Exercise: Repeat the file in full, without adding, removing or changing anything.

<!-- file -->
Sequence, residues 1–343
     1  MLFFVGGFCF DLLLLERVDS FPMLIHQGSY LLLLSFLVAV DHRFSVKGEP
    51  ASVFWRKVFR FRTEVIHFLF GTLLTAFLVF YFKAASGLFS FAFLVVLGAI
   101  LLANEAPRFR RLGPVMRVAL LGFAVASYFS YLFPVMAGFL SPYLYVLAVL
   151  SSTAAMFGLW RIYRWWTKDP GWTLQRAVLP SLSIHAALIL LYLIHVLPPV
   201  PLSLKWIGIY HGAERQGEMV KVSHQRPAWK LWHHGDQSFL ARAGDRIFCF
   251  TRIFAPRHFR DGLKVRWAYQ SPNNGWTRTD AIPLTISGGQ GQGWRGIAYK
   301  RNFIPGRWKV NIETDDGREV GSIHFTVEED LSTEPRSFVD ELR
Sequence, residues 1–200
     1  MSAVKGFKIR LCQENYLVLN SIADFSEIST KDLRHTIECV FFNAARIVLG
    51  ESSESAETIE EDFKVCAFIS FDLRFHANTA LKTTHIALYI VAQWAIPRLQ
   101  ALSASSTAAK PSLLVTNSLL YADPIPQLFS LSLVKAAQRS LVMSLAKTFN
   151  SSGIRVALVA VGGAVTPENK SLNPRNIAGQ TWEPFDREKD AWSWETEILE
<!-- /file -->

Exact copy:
Sequence, residues 1–343
     1  MLFFVGGFCF DLLLLERVDS FPMLIHQGSY LLLLSFLVAV DHRFSVKGEP
    51  ASVFWRKVFR FRTEVIHFLF GTLLTAFLVF YFKAASGLFS FAFLVVLGAI
   101  LLANEAPRFR RLGPVMRVAL LGFAVASYFS YLFPVMAGFL SPYLYVLAVL
   151  SSTAAMFGLW RIYRWWTKDP GWTLQRAVLP SLSIHAALIL LYLIHVLPPV
   201  PLSLKWIGIY HGAERQGEMV KVSHQRPAWK LWHHGDQSFL ARAGDRIFCF
   251  TRIFAPRHFR DGLKVRWAYQ SPNNGWTRTD AIPLTISGGQ GQGWRGIAYK
   301  RNFIPGRWKV NIETDDGREV GSIHFTVEED LSTEPRSFVD ELR
Sequence, residues 1–200
     1  MSAVKGFKIR LCQENYLVLN SIADFSEIST KDLRHTIECV FFNAARIVLG
    51  ESSESAETIE EDFKVCAFIS FDLRFHANTA LKTTHIALYI VAQWAIPRLQ
   101  ALSASSTAAK PSLLVTNSLL YADPIPQLFS LSLVKAAQRS LVMSLAKTFN
   151  SSGIRVALVA VGGAVTPENK SLNPRNIAGQ TWEPFDREKD AWSWETEILE